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Radiological imaging markers predicting clinical outcome in patients with metastatic colorectal carcinoma treated with regorafenib: post hoc analysis of the CORRECT phase III trial (RadioCORRECT study)
  1. Riccardo Ricotta1,
  2. Antonella Verrioli1,
  3. Silvia Ghezzi1,
  4. Luca Porcu2,
  5. A Grothey3,
  6. Alfredo Falcone4,
  7. Eric Van Cutsem5,
  8. Guillem Argilés6,
  9. Antoine Adenis7,
  10. Marc Ychou8,
  11. Carlo Barone9,
  12. Olivier Bouché10,
  13. Marc Peeters11,
  14. Yves Humblet12,
  15. Laurent Mineur13,
  16. Alberto F Sobrero14,
  17. Joleen M Hubbard3,
  18. Chiara Cremolini4,
  19. Hans Prenen5,
  20. Josep Tabernero6,
  21. Hajer Jarraya7,
  22. Thibault Mazard8,
  23. Sophie Deguelte-Lardiere10,
  24. Konstantinos Papadimitriou11,
  25. Marc Van den Eynde12,
  26. Alessandro Pastorino14,
  27. Daniela Redaelli1,
  28. Katia Bencardino1,
  29. Chiara Funaioli1,
  30. Alessio Amatu1,
  31. Giulia Carlo-Stella1,
  32. Valter Torri2,
  33. Andrea Sartore-Bianchi1,
  34. Angelo Vanzulli1,15,
  35. Salvatore Siena1,15
  1. 1 Niguarda Cancer Center, Grande Ospedale Metropolitano Niguarda, Milan, Italy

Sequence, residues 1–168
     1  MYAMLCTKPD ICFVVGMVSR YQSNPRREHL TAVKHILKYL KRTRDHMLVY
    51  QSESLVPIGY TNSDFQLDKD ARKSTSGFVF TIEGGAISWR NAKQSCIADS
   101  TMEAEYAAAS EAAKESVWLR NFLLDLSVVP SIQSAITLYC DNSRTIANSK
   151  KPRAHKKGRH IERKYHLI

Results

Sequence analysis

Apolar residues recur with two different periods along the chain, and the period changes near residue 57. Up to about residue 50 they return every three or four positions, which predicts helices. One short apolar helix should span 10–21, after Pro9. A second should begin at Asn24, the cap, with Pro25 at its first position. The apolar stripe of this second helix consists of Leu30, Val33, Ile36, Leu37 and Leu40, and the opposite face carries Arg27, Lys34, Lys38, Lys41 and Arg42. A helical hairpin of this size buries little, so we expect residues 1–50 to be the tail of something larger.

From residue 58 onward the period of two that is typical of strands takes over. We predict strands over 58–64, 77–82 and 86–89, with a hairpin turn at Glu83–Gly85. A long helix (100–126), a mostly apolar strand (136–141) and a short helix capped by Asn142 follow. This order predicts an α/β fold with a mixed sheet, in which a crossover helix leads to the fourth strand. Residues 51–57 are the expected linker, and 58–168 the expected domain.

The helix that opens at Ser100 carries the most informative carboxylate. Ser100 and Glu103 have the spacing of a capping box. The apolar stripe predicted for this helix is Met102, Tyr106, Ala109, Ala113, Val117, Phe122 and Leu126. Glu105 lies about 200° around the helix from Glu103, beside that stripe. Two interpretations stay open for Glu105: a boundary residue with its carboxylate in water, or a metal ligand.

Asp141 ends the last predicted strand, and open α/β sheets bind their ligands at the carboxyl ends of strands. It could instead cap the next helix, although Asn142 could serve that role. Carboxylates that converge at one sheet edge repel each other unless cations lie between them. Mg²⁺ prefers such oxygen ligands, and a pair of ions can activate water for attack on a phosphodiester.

2. 2 Department of Oncology, IRCCS Istituto di Ricerche Farmacologiche Mario Negri, Milan, Italy
  3. 3 Cancer Center, Medical Oncology, Mayo Clinic, Rochester, USA
  4. 4 Department of Medical Oncology, University of Pisa, Pisa, Italy
  5. 5 Clinical Digestive Oncology, University Hospital Gasthuisberg, Leuven, Belgium
  6. 6 Department of Clinical Oncology, Vall d'Hebron University Hospital, Barcelona, Spain
  7. 7 Department of gastrointestinal oncology, Centre Oscar Lambret, Lille, France
  8. 8 Centre Régional de Lutte Contre le Cancer, Montpellier, France
  9. 9 Department of Medical Oncology, Università Cattolica del S. Cuore, Rome, Italy
  10. 10 Department of Oncology and Hematology, CHU Robert Debré, Reims, France
  11. 11 Department of Oncology, Antwerp University Hospital, Edegem, Belgium
  12. 12 Department of Oncology, St-Luc University Hospital, Université catholique de Louvain, Brussels, Belgium